Hitachi Insight Group announced the launch of the City Data Exchange for Copenhagen, a new solution for making public and private data accessible so that they can power innovation that can make smart cities of the future more sustainable, prosperous, and vibrant. The project is a key initiative of the City of Copenhagen and the Capital Region; it supports not only their drive to become carbon neutral by 2025, but also offers a huge potential to improve the quality of life of citizens and boost the local economy.
The City Data Exchange is a new service that will provide data to an ecosystem that can turn cities into smart cities. The marketplace for data was developed over the past year by Hitachi Insight Group, which built the solution, created a first set of applications, and tested it with real data, in close collaboration with all the partners who are contributing data to the service.
With its launch, the City Data Exchange will bring together data from public and private data providers, taking what was once a fragmented data landscape and turning it into a one-stop-shop for public and private data from across the Copenhagen region.
Data is the fuel powering our digital world, but in most cities it is unused,” said Hans Lindeman, Senior Vice President, Hitachi Insight Group, EMEA. “Even where data sits in public, freely accessible databases, the cost of extracting and processing it can easily outweigh the benefits. With the City Data Exchange, Hitachi does all the heavy lifting: we are the connection between organizations holding the data and the people who urgently need them to help the citizens of Copenhagen.”
Many of the data sets will be accessible for the first time, now that Hitachi has provided guidelines for a data format that is safe, secure, ensures privacy and makes them easy to use. The City Data Exchange will only accept data that has been fully anonymized by the data supplier. All of this spares organizations the trouble and cost of extracting and processing data from multiple sources. At the same time, proprietary data can now become a business resource that can be monetized outside an organization.
As a way to demonstrate how data from the City Data Exchange could be used in applications, Hitachi Insight Group is developing two applications: Journey Insight, which helps citizens in the region to track their transportation usage over time and understand the carbon footprint of their travel; and Energy Insight, which allows both households and businesses to see how much energy they use. Both are set for public launch later this year.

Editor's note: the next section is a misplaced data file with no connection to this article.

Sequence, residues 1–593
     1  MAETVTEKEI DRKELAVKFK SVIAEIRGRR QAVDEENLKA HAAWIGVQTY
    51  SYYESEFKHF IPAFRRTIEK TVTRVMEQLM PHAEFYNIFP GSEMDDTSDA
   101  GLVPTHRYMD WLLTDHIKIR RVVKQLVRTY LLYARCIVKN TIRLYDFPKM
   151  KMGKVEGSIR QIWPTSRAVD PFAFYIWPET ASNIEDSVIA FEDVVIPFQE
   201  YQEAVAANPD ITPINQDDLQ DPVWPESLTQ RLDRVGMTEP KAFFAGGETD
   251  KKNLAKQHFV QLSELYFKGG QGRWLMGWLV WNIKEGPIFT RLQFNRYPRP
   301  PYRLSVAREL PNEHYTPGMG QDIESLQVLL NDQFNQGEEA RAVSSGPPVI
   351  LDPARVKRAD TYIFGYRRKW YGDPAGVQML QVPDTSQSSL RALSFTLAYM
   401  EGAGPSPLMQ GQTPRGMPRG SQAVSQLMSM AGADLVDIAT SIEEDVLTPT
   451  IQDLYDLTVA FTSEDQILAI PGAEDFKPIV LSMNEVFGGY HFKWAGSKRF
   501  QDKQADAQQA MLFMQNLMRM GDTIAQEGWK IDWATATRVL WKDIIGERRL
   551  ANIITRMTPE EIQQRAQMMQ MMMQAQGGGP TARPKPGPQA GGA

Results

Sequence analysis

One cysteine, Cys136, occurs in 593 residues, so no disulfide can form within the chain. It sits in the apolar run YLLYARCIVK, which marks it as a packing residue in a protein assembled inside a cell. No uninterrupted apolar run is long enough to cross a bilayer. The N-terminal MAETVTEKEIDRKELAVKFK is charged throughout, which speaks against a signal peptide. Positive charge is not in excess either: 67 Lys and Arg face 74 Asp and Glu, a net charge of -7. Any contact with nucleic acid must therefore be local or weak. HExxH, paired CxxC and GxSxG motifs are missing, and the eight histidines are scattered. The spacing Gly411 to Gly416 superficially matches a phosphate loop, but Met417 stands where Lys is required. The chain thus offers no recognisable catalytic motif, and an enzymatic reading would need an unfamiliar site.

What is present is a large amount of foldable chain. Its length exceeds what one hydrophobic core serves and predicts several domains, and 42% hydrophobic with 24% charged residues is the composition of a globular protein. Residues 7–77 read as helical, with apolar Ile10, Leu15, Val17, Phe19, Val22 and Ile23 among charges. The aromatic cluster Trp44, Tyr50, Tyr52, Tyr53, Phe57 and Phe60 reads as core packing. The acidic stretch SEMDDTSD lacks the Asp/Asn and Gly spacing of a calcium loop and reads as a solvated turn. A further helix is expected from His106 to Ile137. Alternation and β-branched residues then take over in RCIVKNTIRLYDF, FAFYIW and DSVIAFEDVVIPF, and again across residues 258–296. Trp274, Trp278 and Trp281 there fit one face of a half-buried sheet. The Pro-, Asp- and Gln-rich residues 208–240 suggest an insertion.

The City Data Exchange will offer data in different categories such as: city life, infrastructure, climate and environment, business data and economy, demographics, housing and buildings, and utilities usage. It meets the needs of local government, city planners, architects, retailers, telecoms networks, utilities, and all other companies and organizations who want to understand what makes Copenhagen, its businesses and its citizens tick.
The range of categories also shows that the launch has significance way beyond Copenhagen itself. The exchange could become the solution for data-driven city planning and Big Data analytics for the Internet of Things in other cities around the globe.
Smart Cities need smart insights, and that’s only possible if everybody has all the facts at their disposal. The City Data Exchange makes that possible; it’s the solution that will help us all to create better public spaces and – for companies in Copenhagen – to offer better services and create jobs,” said Frank Jensen, the Lord Mayor of Copenhagen.
A typical example of how the City Data Exchange can transform city planning is a project by design practice Gehl Architects, which ran a public space analysis in 2005 to boost the attractiveness of Copenhagen’s Vesterbrogade passage. Much of their design work relied on data based on samples. Thanks to the data exchange, in the future Gehl Architects can revisit the project to quickly gain much deeper insights into how citizens are using the area, which will result in better informed design decisions and public policy making.
Mind My Business is another great example of how an integrated data solution such as the City Data Exchange can help a city’s economy to thrive. The mobile app, developed by Vizalytics, brings together all the data that can affect a retailer – from real-time information on how construction or traffic issues can hurt the footfall of a business, to timely reminders about taxes to pay or new regulations to meet. The “survival app for shopkeepers” makes full use of all the relevant data sources brought together by the City Data Exchange.
The City Data Exchange is currently offering raw data to its customers, and later this year will add analytical tools. The cost of gathering and processing the data will be recovered through subscription and service fees, which are expected to be much lower than the cost any company or city would face in performing the work of extracting, collecting and integrating the data by themselves.
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